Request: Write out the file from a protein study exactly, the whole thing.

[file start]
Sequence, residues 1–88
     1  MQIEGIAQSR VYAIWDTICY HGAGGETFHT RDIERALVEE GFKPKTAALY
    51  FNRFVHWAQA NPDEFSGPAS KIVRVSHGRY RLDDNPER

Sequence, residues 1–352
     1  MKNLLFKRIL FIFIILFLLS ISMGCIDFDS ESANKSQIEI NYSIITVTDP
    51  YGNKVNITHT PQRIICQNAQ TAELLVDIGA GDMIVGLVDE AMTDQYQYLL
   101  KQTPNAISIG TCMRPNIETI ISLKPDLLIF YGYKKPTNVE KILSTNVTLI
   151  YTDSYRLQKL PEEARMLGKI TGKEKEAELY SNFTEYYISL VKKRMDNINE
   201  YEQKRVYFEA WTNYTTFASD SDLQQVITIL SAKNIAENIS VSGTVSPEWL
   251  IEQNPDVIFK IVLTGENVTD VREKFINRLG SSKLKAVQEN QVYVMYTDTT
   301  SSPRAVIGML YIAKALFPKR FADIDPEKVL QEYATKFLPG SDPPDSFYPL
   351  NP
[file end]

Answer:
Sequence, residues 1–88
     1  MQIEGIAQSR VYAIWDTICY HGAGGETFHT RDIERALVEE GFKPKTAALY
    51  FNRFVHWAQA NPDEFSGPAS KIVRVSHGRY RLDDNPER

Sequence, residues 1–352
     1  MKNLLFKRIL FIFIILFLLS ISMGCIDFDS ESANKSQIEI NYSIITVTDP
    51  YGNKVNITHT PQRIICQNAQ TAELLVDIGA GDMIVGLVDE AMTDQYQYLL
   101  KQTPNAISIG TCMRPNIETI ISLKPDLLIF YGYKKPTNVE KILSTNVTLI
   151  YTDSYRLQKL PEEARMLGKI TGKEKEAELY SNFTEYYISL VKKRMDNINE
   201  YEQKRVYFEA WTNYTTFASD SDLQQVITIL SAKNIAENIS VSGTVSPEWL
   251  IEQNPDVIFK IVLTGENVTD VREKFINRLG SSKLKAVQEN QVYVMYTDTT
   301  SSPRAVIGML YIAKALFPKR FADIDPEKVL QEYATKFLPG SDPPDSFYPL
   351  NP